Jeff Burbrink: September is the month for lawn improvement
Posted: 09/06/2012 at 12:30 pm
After such a tough spring and summer, many lawns in the area are looking for a little tender loving care, and September is the month to deliver. Cool nighttime temperatures and moderate daytime temperatures favor the recovery of bluegrass and other grasses commonly used in lawns.
Fertilizing your lawn in September promotes dense turf and encourages a healthy root system, which is important for winter survival. A fertilizer with a 4-1-2 or 4-0-2 ratio of nitrogen (N), phosphorus (P) and potassium (K) is recommended for turf grass.
Many of the newer fertilizers no longer have P in them due to concerns about buildup of P in lakes and streams. If your soil has a medium or higher level of P, your lawn will grow with little risk of a P deficiency.
Fertilizer should be applied at a rate of 1 pound of N per 1000 square feet. Most lawn fertilizer bags list settings for spreaders that are calibrated for that rate. It is a good idea to spend a little extra money on slow-release fertilizers. Slow-release fertilizer is healthier for the turf and it helps keep us from having to mow every other day for a week or two after the fertilizer is spread. Most slow-release fertilizers contain sulfur-coated urea as a source of N.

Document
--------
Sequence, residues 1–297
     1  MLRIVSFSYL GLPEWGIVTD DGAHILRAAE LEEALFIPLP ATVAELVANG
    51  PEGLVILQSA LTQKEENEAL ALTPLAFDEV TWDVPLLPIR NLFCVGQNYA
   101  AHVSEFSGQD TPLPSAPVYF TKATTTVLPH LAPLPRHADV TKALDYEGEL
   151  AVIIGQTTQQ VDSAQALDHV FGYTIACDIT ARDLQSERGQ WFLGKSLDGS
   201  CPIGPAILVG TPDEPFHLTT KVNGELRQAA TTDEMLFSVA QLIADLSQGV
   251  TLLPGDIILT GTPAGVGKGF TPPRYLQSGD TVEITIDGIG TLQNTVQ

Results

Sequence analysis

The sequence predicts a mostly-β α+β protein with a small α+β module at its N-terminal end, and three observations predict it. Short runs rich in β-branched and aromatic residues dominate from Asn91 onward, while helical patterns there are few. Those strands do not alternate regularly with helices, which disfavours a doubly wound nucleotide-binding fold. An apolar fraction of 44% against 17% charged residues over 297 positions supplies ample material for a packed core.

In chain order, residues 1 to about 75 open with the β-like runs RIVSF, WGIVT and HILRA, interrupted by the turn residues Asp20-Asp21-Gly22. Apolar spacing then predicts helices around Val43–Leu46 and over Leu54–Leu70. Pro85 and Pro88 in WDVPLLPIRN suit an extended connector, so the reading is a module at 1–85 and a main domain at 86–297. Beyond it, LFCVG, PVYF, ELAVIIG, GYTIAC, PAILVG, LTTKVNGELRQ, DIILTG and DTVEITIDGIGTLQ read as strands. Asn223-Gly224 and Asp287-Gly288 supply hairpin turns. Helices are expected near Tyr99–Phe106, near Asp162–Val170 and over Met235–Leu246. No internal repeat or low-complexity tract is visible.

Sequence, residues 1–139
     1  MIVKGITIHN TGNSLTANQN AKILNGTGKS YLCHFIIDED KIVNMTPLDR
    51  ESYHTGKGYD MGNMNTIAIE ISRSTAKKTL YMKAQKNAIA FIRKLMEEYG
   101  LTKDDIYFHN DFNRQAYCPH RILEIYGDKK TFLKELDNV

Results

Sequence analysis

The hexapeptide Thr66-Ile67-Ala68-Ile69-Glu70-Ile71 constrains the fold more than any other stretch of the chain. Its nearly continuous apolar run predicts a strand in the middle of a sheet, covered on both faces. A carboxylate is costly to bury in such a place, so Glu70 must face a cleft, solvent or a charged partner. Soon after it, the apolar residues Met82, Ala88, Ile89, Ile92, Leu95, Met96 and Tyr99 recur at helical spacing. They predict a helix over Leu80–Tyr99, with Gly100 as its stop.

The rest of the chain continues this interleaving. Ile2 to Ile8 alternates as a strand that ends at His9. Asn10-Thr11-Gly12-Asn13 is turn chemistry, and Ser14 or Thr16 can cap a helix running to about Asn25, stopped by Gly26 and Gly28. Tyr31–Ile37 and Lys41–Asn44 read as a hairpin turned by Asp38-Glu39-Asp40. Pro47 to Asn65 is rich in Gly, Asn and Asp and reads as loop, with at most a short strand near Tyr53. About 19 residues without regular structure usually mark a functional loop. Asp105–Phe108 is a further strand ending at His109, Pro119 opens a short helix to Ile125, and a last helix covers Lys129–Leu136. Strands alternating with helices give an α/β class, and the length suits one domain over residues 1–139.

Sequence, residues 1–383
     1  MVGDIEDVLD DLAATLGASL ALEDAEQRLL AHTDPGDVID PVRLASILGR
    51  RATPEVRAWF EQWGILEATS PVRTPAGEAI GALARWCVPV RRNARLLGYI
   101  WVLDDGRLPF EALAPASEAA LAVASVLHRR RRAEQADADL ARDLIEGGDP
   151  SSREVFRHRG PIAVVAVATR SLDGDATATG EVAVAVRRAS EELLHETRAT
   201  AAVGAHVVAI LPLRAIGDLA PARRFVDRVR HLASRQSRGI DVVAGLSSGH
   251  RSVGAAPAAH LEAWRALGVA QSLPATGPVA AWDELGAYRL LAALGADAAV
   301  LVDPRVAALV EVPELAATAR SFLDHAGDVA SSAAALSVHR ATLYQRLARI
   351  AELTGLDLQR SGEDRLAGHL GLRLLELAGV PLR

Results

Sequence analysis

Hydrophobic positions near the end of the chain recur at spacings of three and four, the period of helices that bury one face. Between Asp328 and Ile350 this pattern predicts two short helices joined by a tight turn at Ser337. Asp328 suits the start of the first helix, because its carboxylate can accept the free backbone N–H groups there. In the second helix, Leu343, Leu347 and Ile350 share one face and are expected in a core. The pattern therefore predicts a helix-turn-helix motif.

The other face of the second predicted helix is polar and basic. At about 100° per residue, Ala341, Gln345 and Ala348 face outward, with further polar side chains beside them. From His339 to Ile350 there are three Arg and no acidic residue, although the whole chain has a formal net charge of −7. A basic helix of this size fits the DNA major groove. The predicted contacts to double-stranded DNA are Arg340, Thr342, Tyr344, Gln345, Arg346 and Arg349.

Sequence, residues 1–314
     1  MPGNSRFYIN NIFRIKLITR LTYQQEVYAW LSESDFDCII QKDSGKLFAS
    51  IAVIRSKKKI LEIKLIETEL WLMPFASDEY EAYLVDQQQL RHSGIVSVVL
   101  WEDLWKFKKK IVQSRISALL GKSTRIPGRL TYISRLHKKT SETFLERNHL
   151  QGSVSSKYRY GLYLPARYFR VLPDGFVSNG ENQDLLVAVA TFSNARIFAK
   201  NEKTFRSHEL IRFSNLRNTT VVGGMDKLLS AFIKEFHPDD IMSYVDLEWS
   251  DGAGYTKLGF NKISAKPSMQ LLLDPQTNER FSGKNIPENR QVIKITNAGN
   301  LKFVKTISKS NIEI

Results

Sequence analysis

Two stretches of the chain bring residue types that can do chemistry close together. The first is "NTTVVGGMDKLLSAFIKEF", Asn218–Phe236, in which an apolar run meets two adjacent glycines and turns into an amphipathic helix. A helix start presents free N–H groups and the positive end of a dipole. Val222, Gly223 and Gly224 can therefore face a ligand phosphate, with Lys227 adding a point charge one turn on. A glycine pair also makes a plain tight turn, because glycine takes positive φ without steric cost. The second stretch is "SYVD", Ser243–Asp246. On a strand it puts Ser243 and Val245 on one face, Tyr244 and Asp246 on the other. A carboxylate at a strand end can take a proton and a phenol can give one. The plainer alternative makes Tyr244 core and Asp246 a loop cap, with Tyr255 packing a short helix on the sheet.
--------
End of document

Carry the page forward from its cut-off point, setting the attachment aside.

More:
September and October are good times to control broadleaf weeds such as dandelion, buckhorn plantain, ground ivy and wild violets. During the fall, these weeds prepare themselves for winter by moving sugars down to the root system. Herbicides applied in the fall often kill the entire root system of these plants.
Products containing combinations of 2,4-D, dicamba, dichloroprop and MCPP are the products of choice for selective broadleaf weed control in lawns. These herbicides work best at temperatures between 65 and 85 degrees on a sunny day with no rain in the forecast for 24 hours. These products should not be used on newly seeded lawns because they can kill new seedlings. Avoid spraying in windy conditions when spray drift can travel to non-target plants.
Purdue has a great turf website at www.agry.purdue.edu/turf/ that is loaded with publications on turf care, pest control, irrigation and seeding. There is even a very good turf grass identification tool to assist you with identifying the grasses growing in your lawn.
Jeff Burbrink is an Extension educator in agriculture and natural resources. Write to him at 17746 E. C.R. 34, Goshen, IN 46528; call 533-0554; or fax 533-0254.